Sunday, October 15, 2006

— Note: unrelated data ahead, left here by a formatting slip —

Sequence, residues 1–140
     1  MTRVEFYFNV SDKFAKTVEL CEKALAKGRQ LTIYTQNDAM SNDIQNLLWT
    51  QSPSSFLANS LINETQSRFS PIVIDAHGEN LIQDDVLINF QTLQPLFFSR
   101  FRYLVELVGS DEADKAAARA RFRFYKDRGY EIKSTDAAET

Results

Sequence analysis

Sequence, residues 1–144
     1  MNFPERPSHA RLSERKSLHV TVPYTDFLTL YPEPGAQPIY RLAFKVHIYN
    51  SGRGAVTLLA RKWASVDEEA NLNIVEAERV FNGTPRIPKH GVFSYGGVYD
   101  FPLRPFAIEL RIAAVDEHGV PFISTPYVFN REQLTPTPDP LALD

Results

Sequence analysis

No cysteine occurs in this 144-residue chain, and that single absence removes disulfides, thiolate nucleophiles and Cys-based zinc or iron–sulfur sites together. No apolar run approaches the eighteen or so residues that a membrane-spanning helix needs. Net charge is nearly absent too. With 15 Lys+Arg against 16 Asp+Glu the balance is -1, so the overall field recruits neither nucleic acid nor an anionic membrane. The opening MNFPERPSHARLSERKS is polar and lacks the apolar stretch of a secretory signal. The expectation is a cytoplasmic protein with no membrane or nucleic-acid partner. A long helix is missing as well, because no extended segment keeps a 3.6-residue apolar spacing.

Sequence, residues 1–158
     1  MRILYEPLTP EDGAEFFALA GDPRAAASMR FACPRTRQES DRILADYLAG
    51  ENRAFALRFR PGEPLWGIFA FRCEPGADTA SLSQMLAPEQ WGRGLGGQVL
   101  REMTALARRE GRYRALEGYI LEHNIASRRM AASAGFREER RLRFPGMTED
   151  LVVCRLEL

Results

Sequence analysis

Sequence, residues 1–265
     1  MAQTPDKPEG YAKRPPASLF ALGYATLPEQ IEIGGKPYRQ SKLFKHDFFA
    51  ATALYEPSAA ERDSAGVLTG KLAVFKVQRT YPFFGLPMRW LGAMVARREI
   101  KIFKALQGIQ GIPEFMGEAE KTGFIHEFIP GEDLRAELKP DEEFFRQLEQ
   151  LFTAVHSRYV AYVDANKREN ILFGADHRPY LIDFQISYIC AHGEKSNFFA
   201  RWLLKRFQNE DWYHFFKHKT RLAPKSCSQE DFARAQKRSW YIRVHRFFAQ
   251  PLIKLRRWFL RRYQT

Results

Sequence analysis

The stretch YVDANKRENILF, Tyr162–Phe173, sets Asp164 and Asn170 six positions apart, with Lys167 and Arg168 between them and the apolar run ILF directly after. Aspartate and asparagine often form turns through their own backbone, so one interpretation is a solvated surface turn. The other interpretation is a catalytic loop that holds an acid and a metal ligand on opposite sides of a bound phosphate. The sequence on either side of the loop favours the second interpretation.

Omaha distributor of heating and air conditioning equipment loses $3.3 million verdict in dispute with Houston A federal jury in Houston has ordered an Omaha company and its Kansas City, Kan., affiliate to pay $3.3 million to a heating and air conditioning equipment manufacturer. Asha Distributing Co. of Omaha and Asha Distributing of K.C. Inc., both owned by Trace Smith of Omaha, lost the verdict to Goodman Manufacturing Co. of Houston. Asha has filed for a new trial, to set aside the verdict or to reduce the verdict. Goodman alleged it had dealt with Asha since 1999 under agreements that allowed it to ship its heating and air conditioning units to warehouses based on Asha's estimated sales. The warehouses stored the units until Asha sold them to customers, and Asha could return unsold units according to specific rules, according to the lawsuit.Disputes between the two companies over the delivery and payment for the units began in 2000 and 2001. The details involve a complex system of receiving, selling and shipping the units, some of which had been owned by another distributor.Goodman's lawsuit said Asha overforecast sales of some of the units but accepted delivery anyway. Asha later tried to reject some of the equipment, but Goodman argued that the rejection was late and for improper reasons, such as units being an incorrect color.Goodman also alleged that Asha sold some equipment but didn't pay Goodman for it. Goodman terminated Asha as a distributor on March 21, 2005, and the two companies could not agree whether Asha should pay for the units that were in storage at the time.In reply, Asha argued that it had complied with its business arrangements with Goodman but that Goodman didn't deliver some units in a timely and accurate manner. Asha said it repeatedly informed Goodman about misshipments and rejected units that were obsolete, damaged or otherwise "non-saleable."Asha also said Goodman shipped units that Asha hadn't ordered, incorrectly counted some units as belonging to Asha and double-billed for some shipments.Goodman said it was owed more than $4 million. Asha asked the court for $924,000 in damages. The jury awarded Goodman $3,587,989 and Asha $288,888, requiring a net payment by Asha to Goodman of $3,299,101, plus 4.97 percent annual interest until the amount is paid.Attorneys for Goodman also requested $550,000 in fees.In asking for a new trial, attorneys for Asha argued, among other things, that in some parts of the dispute the jury awarded more than Goodman had requested and that the jurors ignored payments Goodman had received from Asha.